Regret Killing a PC


Advice


So I wacked a PC. I normally don't like doing it, but the lethality my players feel the game has adds something intangible to it, which I think is really important.

In short, the party just completed a quest, having destroyed an evil alter at high noon in a town mostly full of vampires. Well, the party came during the day to avoid them, but they had nearly lost one person fighting their minions. Both the casters were out of spells. It was time to go.

For some reason, two of the players, with no other help, decided to see what was in one of the buildings. I don't know why. In any case, the guy playing the rogue got yanked inside and stabbed to death. The party was forced to flee.

While it was completely his fault (in that all of the party's successful planning was to avoid confronting the vampires directly sense they are first level) because he picked a fight they had been working to avoid, I feel like it was a mistake to kill his character.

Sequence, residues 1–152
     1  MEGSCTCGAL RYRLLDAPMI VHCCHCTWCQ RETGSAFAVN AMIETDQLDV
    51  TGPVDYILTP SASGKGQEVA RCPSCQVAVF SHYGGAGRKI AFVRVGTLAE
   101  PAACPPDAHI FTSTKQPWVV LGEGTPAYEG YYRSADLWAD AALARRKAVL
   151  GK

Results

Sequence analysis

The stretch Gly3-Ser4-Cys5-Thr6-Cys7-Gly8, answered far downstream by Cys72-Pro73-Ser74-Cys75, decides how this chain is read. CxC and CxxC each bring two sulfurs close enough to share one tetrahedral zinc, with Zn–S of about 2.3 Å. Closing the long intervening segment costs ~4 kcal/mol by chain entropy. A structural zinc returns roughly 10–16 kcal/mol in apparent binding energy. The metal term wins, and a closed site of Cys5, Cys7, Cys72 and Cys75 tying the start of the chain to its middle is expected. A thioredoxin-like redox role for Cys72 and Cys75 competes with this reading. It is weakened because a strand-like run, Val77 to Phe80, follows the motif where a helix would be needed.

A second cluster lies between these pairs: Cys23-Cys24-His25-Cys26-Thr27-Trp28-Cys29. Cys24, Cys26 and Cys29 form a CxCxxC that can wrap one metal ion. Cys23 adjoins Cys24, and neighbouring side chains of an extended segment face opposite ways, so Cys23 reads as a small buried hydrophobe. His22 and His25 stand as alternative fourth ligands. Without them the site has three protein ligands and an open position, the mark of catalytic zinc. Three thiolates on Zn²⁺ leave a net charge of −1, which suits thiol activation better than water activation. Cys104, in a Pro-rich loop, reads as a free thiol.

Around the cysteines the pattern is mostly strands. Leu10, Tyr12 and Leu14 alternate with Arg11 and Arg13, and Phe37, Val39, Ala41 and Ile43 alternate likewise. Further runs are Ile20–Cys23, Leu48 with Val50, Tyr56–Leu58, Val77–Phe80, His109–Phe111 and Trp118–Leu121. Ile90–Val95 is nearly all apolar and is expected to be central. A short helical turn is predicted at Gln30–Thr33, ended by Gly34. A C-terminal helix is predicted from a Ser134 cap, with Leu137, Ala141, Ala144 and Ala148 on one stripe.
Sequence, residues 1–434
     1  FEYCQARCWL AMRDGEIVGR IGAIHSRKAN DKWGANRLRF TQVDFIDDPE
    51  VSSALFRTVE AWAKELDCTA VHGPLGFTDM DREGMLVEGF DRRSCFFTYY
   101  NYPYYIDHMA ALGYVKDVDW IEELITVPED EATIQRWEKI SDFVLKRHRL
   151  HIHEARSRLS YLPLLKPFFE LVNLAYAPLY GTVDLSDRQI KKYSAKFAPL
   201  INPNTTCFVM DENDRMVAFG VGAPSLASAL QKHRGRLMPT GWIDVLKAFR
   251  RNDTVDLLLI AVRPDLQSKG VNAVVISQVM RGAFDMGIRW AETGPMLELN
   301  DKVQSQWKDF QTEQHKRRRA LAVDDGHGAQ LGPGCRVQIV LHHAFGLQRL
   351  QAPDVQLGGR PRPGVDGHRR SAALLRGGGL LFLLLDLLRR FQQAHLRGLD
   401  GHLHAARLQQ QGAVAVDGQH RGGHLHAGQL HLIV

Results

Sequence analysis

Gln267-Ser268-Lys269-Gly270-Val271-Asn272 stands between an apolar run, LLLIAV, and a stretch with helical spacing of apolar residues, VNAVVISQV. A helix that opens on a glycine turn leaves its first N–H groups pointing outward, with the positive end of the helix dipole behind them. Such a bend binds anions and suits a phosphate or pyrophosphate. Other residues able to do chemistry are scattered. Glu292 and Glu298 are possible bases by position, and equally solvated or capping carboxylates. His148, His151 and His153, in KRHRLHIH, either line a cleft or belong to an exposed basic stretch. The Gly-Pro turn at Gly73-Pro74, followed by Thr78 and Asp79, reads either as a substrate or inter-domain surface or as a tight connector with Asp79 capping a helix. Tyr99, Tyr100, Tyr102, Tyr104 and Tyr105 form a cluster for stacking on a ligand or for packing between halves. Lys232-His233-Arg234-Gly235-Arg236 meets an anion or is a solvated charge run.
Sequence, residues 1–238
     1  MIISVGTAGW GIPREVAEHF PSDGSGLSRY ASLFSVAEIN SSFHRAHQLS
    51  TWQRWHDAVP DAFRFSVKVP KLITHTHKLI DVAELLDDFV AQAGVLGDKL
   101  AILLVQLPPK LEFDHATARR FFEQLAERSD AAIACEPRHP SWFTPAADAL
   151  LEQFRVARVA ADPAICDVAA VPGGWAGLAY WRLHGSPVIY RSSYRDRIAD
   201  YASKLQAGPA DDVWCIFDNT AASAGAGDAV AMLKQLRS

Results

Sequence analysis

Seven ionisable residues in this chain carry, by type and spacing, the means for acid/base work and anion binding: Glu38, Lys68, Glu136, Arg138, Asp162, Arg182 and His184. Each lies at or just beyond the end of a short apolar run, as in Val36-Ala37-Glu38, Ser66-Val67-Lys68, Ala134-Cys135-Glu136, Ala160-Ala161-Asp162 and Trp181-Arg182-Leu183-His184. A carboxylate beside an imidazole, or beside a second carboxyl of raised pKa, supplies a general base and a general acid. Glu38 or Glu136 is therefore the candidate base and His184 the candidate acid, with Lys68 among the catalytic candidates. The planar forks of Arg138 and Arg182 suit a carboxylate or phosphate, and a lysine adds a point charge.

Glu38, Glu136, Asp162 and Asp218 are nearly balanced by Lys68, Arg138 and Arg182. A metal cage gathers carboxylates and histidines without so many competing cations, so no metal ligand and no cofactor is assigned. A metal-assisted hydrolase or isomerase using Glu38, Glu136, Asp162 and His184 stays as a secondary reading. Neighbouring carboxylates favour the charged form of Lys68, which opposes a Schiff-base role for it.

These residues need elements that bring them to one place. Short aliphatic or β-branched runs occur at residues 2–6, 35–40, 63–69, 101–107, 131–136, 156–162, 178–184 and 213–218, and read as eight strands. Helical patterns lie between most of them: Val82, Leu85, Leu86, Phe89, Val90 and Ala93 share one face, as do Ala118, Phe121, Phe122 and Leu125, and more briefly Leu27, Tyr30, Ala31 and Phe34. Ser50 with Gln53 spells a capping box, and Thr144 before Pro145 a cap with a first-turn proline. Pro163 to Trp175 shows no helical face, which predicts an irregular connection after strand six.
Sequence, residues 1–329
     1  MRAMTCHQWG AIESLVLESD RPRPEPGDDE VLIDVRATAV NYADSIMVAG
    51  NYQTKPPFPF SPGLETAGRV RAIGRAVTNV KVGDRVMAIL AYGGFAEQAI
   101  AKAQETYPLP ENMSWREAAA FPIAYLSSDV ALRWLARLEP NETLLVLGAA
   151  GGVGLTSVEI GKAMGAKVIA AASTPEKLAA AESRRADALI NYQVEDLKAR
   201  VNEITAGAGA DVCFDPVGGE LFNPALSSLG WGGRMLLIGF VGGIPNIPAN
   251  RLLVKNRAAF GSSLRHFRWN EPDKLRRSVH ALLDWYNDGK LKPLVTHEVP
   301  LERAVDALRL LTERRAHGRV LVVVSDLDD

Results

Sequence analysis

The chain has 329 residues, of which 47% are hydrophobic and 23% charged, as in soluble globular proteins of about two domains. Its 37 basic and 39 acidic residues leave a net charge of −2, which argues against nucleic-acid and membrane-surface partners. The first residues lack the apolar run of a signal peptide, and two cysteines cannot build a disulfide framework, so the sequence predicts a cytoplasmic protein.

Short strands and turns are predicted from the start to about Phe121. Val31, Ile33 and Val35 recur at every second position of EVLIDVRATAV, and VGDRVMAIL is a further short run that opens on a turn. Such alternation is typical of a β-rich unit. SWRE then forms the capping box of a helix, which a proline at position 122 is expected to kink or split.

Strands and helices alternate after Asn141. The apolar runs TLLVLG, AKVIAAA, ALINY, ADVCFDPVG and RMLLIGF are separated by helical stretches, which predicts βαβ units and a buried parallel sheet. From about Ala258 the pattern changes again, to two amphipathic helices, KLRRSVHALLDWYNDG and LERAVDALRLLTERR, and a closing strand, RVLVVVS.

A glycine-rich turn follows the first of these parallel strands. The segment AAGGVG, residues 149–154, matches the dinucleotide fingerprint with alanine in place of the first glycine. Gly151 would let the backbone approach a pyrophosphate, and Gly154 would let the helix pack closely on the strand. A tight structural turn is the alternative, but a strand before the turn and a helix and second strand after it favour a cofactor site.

The guy who did it has a habit of getting killed in my games and I'm sure he isn't all together thrilled with his druid. He was pretty into the rogue.

I'm thinking of giving him a chance to bring the guy back. Maybe I can use the rogue as a "ghoul" or something and the paladin / party can attempt to restore him, thereby returning his preferred character.

While this would be "easy" to set up, I'm not sure I should. The deed is done and I'm basically pussing out here.

If there a way to pull off a "not really dead" without losing credibility? Is it in the difficulty of the quest?

I'll admit I'm unusually attached to the PCs in this game.


There may be a way to do this without losing credibility, but I never figured it out.

I hate killing PCs too, but I seem to kill two or three in every campaign I run. And frequently it's due to exactly the sort of thing you describe here. If a player has their character do something stupid, in a lethal environment, they can die pretty easily. And when they do, I don't agonize over it, or give do-overs.

But that's just me. Maybe I'm a hard-ass GM. If the player is not enjoying his druid, let him build another rogue. Or maybe a ranger.

For what it's worth, I love druids. They are one of the most flavorful classes in the game, and one of the most powerful. What's not to like?


Talk to the player. If he wants to play another rogue, let him do one up. He wouldn't be far behind the rest for xp, and maybe he'll be more careful next time. Or maybe not...